Leading Article: Even unto the yoghurt pot

Click to follow
The Independent Online
WHY do sophisticated companies spend considerable sums of money packaging goods that need no additional packaging, and packaging others unnecessarily elaborately? The answer must be: because their marketing experts reckon it helps to sell the product, in different ways for different items. It makes shoddy goods look less shoddy, quality goods look even better, small quantities larger. It emphasises the brand name. It may guarantee that the object concerned has not been handled by other shoppers. Often, it is labour-saving: less effort is required to pick up a pack of six apples than to put loose ones into a bag that must then be weighed.

Packaging is sometimes attractive but often maddening, as when it is almost impossible to remove. It can also prompt a pang or two of guilt: after a supermarket spree, the pile of waste plastic is a small monument to the throwaway society. 'Secondary' packaging is a particularly gratuitous form of rubbish: why should a toothpaste tube, itself a form of packaging, be marketed in a further container? Or certain luxury whiskies be sold in a bottle in a rigid tube?

In Germany, where ecological awareness is several years ahead of this country's, the government last year introduced the most radical laws in Europe to discourage excessive packaging and increase recycling. From last December, companies were obliged to take back and recycle packaging used during transport, or to arrange for someone else to do so. From April this year, the same law extended to secondary packaging. From next January, it will apply to all packaging, even unto the humble yoghurt pot. Companies have set up their own system to help cope with these demands. The products of firms taking part carry a green dot to show that their packaging qualifies for collection and recycling. Other firms must make their own arrangements. Between 80 and 90 per cent of the collected materials must be recycled.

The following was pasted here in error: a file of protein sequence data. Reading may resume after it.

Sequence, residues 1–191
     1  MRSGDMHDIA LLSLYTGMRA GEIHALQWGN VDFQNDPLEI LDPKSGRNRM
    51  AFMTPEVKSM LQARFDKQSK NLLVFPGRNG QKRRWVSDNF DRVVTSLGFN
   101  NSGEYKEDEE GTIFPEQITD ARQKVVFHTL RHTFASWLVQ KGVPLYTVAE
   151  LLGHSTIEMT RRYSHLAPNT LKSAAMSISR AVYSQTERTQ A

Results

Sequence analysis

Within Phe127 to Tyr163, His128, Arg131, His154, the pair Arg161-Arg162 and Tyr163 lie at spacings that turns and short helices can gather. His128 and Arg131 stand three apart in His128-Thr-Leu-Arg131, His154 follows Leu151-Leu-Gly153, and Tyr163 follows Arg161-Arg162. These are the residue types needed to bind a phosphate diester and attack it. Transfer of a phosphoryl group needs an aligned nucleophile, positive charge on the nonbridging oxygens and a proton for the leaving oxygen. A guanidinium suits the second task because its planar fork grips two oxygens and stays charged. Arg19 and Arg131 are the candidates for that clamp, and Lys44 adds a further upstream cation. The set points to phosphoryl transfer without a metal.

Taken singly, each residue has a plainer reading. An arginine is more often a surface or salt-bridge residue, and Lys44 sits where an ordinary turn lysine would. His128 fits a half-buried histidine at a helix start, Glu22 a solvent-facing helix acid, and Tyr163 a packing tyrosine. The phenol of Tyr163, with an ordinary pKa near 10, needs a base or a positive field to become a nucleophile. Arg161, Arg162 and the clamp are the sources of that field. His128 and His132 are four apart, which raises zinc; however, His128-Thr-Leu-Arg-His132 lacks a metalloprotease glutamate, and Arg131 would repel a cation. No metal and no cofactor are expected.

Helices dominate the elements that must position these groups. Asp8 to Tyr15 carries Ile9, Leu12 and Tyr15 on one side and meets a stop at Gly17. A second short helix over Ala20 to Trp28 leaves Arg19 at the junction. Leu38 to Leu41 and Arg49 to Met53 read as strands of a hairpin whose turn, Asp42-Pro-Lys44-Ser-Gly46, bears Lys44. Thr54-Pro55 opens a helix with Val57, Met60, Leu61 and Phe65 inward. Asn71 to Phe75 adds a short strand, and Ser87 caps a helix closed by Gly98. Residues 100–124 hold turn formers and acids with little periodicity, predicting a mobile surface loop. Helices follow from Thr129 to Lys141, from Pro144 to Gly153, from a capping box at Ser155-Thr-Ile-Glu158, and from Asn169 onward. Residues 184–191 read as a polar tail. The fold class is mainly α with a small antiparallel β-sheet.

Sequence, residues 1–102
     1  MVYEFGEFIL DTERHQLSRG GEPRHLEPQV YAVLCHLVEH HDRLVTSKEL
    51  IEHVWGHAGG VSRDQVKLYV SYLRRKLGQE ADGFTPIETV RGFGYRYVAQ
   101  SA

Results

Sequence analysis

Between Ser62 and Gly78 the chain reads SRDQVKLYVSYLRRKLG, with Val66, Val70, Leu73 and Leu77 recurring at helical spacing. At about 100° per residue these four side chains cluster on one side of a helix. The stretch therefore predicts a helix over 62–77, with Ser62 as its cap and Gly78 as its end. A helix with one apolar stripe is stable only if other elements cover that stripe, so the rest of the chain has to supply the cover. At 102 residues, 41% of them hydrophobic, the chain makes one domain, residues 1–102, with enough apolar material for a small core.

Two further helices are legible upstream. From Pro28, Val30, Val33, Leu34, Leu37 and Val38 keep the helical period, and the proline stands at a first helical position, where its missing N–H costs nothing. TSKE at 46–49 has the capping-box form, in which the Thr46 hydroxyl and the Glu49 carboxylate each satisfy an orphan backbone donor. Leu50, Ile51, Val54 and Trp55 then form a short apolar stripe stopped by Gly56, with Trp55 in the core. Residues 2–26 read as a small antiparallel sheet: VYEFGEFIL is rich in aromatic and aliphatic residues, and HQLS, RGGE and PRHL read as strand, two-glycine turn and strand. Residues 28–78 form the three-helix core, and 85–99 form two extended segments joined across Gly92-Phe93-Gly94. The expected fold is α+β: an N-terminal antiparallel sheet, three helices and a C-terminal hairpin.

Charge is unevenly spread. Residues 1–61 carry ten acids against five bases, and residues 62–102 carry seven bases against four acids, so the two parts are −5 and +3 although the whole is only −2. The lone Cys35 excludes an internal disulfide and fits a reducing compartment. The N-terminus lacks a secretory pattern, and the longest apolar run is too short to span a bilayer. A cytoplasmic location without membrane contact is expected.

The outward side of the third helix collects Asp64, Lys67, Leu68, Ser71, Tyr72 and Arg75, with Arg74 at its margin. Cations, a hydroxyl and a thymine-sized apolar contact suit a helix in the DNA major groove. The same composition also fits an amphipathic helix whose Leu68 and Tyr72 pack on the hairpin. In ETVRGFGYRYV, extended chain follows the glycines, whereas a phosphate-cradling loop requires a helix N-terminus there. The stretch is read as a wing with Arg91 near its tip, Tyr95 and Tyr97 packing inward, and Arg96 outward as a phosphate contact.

These regulations have caused great annoyance both to German firms and to foreign companies exporting goods to Germany. Many of the latter complained to Brussels that the rules constitute a barrier to trade. Now, as reported on Page 13 today, the European Commission has come up with outline proposals setting a timetable for a comparable programme across the European Community. Each member state would be able to decide how best to reach the proposed targets, but must give three months' notice of its plans. That would enable other member states to object if, say, proposals on packaging were thought to create a barrier to trade. The targets look ambitious. But this is a field in which it is logical that the Commission should hold the ring.

One thing is certain: the Germans will benefit from having taken the lead on this issue, and other countries will be obliged to follow their example - at least where exports to Germany are concerned. In this country, recycling is in its infancy, with huge variations in the availability of 'banks' for bottles, paper and tins. Some councils have adopted the Canadian system of separating 'dry' and 'wet' waste. Within a few years we shall no doubt all be sorting our rubbish into numerous different categories, for collection on different days of the week. It may not be much fun, but as an alternative to dumping, incineration and unnecessary waste, it makes sense.

Comments